We're very well off in the citrus fruit department. Our orange trees, lemon trees, lime trees and one grapefruit tree keep us well supplied. (I must add at least one mandarin tree in the near future. To complete the set, as it were.)
Orange juice is one of my big three beverages – the other two are coffee and beer – but I'm definitely only talking about the freshly squeezed variety.
Despite their extravagant advertising claims, I have yet to discover an orange juice producer who can deliver anything within a bull's roar of oranges picked straight from the tree and squeezed into a glass. There's no competition.
We don't even bother with any fancy electrical squeezing aids; one of those plastic pointy things does the job. They're so effective they named a military hat after them.
We were certainly well advised when buying our six orange trees several decades ago. The nurseryman suggested buying two varieties – three of each – because they fruit at different times. Good advice because we now have oranges pretty much throughout the year.
Besides their taste and nutrition qualities, oranges also have the advantage of not being ravaged by the birds. We'll gladly accept any offerings of redcurrants, grapes or plums because ours are stripped clean by avian invaders on the very day their brix levels reach edible and sweet levels.
It's one of life's great ironies that the best way to tell when your fruit is ripe for picking is that it's the very day it disappears and the trees are populated by bloated birds.
Blackberries are different; the birds don't touch ours and I don't understand why. Is it because they're not red enough? Is it the prickles?
We have a rambling blackberry at the front of the property and, for a few weeks of the year, I can stop at the gate, wind down the car window and pick a few to eat without any competition from the birds. I think of it as my blackberry app.
I'm afraid our two avocado trees can't match the oranges and the blackberries. One is huge and bears fruit while the other fulfills some other function, possibly cross pollination. Trouble is that the fruits on the ginormous one are puny and never amount to much at all.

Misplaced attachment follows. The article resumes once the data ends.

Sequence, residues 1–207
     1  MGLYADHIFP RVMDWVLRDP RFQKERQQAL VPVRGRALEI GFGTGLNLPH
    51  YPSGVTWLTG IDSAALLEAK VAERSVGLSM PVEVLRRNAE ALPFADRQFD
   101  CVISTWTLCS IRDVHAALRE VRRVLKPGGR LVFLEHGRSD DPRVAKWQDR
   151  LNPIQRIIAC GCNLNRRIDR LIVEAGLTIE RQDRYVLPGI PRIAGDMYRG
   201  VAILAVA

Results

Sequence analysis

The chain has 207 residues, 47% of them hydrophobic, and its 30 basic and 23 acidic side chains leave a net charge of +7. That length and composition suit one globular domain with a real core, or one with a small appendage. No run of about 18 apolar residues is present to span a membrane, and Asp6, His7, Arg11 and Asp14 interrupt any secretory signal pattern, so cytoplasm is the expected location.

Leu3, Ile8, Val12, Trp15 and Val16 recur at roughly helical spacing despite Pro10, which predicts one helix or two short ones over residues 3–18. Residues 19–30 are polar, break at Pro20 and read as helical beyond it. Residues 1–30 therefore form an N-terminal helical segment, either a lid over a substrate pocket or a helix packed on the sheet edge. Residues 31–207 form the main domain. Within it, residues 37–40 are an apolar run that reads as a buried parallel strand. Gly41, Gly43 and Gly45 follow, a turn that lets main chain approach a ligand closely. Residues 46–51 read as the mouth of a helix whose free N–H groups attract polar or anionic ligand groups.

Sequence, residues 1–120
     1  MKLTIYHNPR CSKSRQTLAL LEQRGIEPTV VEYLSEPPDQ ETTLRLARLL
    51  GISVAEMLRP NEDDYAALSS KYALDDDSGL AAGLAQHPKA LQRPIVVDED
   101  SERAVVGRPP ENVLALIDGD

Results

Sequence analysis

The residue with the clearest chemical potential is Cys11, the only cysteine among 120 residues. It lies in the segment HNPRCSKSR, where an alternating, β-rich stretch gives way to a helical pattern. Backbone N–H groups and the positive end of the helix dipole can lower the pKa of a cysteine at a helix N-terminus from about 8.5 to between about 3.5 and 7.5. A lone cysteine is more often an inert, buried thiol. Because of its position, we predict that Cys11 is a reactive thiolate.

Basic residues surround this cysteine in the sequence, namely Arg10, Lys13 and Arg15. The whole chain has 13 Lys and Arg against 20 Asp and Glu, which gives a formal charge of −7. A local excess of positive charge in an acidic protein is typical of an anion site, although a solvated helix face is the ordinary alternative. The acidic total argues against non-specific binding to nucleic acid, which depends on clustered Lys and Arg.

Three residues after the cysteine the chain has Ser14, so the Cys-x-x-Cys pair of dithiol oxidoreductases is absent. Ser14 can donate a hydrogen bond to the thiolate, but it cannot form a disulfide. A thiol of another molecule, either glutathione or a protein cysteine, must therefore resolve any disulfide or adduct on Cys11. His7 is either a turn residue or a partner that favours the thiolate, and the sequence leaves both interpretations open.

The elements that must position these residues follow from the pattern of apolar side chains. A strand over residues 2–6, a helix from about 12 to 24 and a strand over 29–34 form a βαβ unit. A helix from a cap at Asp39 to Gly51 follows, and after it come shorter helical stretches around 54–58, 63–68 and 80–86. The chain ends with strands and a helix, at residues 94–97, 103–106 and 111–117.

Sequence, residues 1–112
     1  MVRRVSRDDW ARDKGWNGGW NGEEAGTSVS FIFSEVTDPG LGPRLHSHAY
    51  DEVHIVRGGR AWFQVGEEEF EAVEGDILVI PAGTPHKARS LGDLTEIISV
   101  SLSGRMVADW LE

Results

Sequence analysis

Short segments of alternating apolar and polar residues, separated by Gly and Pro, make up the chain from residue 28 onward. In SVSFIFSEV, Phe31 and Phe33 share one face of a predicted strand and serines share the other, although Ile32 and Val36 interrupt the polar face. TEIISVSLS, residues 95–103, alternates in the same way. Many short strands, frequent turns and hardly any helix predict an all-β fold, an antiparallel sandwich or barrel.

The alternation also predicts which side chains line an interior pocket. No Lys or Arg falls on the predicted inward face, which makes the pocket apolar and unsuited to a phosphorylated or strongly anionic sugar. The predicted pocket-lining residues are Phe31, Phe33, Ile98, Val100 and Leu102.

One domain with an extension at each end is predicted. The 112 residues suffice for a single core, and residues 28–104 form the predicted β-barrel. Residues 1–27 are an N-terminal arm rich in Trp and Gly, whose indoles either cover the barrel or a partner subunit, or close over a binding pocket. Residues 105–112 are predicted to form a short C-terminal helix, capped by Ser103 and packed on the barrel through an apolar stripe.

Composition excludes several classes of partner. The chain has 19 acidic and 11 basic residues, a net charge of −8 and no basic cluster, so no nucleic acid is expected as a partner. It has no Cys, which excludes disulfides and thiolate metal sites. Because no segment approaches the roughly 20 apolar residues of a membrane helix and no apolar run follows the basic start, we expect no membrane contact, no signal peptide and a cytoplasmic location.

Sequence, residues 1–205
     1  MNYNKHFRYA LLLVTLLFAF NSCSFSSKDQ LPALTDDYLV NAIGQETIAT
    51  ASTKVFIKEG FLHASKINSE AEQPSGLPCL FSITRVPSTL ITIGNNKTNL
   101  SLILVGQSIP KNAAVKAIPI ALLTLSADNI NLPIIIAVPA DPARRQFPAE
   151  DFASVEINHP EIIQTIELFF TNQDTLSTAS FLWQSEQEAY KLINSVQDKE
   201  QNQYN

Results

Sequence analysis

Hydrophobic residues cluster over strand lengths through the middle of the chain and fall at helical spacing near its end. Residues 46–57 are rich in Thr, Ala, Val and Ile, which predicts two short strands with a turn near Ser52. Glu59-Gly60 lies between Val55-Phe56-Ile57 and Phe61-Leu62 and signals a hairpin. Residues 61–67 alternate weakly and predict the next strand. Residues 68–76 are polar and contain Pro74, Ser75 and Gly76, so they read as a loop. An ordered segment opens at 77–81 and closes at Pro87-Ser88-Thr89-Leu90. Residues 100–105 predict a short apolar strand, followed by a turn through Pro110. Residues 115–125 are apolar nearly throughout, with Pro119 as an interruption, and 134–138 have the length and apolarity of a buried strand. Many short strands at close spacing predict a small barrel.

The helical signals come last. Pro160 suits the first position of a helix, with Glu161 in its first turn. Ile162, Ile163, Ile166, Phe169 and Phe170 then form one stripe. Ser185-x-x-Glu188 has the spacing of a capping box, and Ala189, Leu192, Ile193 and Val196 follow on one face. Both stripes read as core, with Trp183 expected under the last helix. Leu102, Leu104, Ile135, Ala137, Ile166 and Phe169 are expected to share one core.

But we don't grumble. It's a pretty tree. And we've got good citrus.
The lemons can star in desserts and drinks and the limes seem to find their way into our Mexican meals. I draw the line at sticking lime wedges into bottles of Mexican beer; in my book, beer and citrus fruit do not belong together. Under any circumstances.
But it's the oranges that remain the stars. They may not always look as handsome as the store-bought ones but it's the juice we're after and that can't be beaten. The only time it tastes funny is if you make the mistake of cleaning your teeth before drinking it.
Spanish-born American chef Jose Andres summed it up superbly; all we need to do is replace the word "American" with "local" or "Kiwi" and it fits like a glove.
"Everyone should wake up and have a fresh-squeezed orange every day. By having a fresh glass of orange juice with American oranges, you are supporting the local economy, you have all the vitamin C you need in a day, and you support the environment because you don't use any plastic from bottles or bags."
Please excuse me if I "borrow" my closing from the Internet and risk sounding like a Christmas cracker:
Q: How do you tell the difference between a walrus and an orange?
A: Squeeze it. If you don't get orange juice, it's a walrus.
- Wyn Drabble is a teacher of English, a writer, musician and public speaker.